UTMB has launched a vital project related to the International Classification of Disease–Tenth Revision, or ICD-10—the system by which US health care providers will document diagnoses and, in turn, get compensated for services. The conversion to ICD-10 will involve multiple areas—from our hospitals and clinics to billing and finance to the faculty group practice. It will significantly change how we document the care we provide and help ensure the continued financial health of the university.
ICD-10 is mandated by the federal government and designed to more accurately capture health care data and improve health care outcomes. The system includes an updated set of codes that provides much more specific identification of patient illnesses, treatments and medical procedures than ever before. It replaces the 30-year-old ICD-9 system, which is not specific enough for today’s health care environment.
All UTMB providers must fully convert to using ICD-10 codes to describe diagnosis and treatment by Oct. 1, 2014. All reporting and payment processes must use the ICD-10 system by that date as well. We do not anticipate a grace period beyond the deadline.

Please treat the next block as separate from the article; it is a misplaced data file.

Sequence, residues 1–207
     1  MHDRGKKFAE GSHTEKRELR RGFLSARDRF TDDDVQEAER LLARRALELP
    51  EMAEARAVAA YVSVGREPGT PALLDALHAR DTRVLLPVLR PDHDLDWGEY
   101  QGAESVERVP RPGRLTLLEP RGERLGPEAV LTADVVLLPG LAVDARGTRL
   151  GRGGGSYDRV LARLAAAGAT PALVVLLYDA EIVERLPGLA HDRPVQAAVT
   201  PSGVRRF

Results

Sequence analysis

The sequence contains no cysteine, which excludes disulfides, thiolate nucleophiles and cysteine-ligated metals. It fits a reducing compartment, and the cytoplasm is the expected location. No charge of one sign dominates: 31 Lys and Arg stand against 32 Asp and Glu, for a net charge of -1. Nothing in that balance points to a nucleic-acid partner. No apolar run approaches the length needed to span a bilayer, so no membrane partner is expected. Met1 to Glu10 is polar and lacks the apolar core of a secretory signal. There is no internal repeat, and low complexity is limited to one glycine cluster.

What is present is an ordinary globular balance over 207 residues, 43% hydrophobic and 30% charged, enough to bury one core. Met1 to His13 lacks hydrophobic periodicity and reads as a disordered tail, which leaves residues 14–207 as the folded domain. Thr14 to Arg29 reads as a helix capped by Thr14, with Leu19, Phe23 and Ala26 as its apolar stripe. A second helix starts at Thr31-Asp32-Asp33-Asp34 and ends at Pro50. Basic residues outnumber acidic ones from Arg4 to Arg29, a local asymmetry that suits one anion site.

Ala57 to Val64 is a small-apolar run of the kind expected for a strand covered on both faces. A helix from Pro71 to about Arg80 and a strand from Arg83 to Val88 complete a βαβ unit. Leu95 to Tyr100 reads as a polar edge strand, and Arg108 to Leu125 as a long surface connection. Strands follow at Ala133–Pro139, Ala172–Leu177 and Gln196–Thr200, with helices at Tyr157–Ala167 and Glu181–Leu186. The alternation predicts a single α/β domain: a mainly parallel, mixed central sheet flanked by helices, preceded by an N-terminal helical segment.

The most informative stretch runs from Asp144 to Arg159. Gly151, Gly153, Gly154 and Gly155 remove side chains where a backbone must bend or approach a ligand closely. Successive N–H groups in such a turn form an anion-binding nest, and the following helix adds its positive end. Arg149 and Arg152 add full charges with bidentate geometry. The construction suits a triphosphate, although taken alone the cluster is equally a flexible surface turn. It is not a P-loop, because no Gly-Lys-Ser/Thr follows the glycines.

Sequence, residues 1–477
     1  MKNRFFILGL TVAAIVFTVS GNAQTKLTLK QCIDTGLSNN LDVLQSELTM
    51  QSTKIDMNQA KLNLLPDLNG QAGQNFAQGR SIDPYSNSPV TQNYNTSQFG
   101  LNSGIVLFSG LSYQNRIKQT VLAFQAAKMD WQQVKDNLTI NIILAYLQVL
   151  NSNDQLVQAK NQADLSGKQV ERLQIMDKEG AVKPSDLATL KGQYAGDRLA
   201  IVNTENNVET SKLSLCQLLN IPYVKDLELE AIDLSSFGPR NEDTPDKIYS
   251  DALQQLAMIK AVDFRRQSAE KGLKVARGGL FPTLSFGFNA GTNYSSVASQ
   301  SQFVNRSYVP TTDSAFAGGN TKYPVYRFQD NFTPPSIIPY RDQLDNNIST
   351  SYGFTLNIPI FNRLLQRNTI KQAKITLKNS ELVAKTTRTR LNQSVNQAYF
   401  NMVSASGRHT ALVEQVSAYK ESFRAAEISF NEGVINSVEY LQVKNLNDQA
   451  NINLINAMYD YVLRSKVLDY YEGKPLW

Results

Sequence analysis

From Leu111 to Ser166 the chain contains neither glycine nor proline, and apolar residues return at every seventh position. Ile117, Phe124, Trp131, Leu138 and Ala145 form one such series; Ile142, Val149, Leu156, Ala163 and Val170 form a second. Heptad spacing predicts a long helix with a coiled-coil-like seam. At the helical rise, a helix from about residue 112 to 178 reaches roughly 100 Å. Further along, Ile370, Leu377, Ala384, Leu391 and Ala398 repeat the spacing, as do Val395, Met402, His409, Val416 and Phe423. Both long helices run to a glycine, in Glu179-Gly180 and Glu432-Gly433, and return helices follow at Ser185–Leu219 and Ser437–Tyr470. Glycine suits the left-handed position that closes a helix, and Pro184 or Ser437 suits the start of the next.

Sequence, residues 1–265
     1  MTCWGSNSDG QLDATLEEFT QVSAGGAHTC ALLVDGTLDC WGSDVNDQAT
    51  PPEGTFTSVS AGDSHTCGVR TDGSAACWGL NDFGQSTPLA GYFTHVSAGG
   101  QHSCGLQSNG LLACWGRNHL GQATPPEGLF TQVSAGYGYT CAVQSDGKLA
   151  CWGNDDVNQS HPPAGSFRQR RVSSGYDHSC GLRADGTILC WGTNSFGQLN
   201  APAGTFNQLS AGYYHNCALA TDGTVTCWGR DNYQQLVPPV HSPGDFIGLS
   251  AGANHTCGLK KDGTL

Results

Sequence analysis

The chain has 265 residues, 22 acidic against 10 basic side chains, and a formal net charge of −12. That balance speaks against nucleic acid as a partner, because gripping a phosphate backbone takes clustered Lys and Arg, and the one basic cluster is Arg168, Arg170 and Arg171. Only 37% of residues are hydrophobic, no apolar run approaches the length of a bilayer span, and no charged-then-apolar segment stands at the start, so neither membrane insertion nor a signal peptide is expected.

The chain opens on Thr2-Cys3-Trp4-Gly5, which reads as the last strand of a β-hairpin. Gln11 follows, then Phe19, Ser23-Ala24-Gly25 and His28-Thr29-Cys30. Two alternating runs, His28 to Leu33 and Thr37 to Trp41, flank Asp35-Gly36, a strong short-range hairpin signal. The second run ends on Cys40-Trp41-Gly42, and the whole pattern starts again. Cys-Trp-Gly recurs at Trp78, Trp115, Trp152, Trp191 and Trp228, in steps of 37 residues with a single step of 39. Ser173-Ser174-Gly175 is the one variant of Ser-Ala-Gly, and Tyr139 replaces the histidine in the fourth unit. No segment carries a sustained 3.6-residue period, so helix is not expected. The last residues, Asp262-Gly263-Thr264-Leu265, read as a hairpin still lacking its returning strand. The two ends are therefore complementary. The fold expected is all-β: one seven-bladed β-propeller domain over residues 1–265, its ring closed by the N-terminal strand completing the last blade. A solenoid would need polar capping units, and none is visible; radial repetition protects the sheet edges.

Medical claims and other transactions that do not use proper ICD-10 codes will be rejected for Medicare, Medicaid and most private insurance reimbursement and will have to be re-submitted for payment using the new codes. Such delays in payment could significantly impair UTMB’s financial resources at a time when our institution’s planned growth is dependent on a predictable revenue and cash stream, so it is vital that we work together to meet the federal deadline for converting to the new system.
To ensure our readiness for implementing ICD-10, UTMB established a broad-based Steering Committee, led by Vice President for Revenue Cycle Suman Smith, to guide our efforts. The committee has been hard at work for several months now to ensure UTMB’s ability to fully comply with ICD-10 requirements by October 1, 2014. We are very confident we will meet the federal deadline.
In the coming months, UTMB physicians and staff will be asked to participate in training and information sessions regarding the conversion to ICD-10. If you are asked to participate in such a session, it is essential that you do so.
To learn more about ICD-10 and why it is so important to our mission, visit the Mission Possible web site
. And look for periodic updates on iUTMB, Impact and other internal channels.
Thank you in advance for your assistance in this important transition.
Dr. David L. Callender
Dr. Danny O. Jacobs
Executive Vice President and Provost
Dean, School of Medicine
Ms. Donna K. Sollenberger
Executive Vice President
Chief Executive Officer, UTMB Health System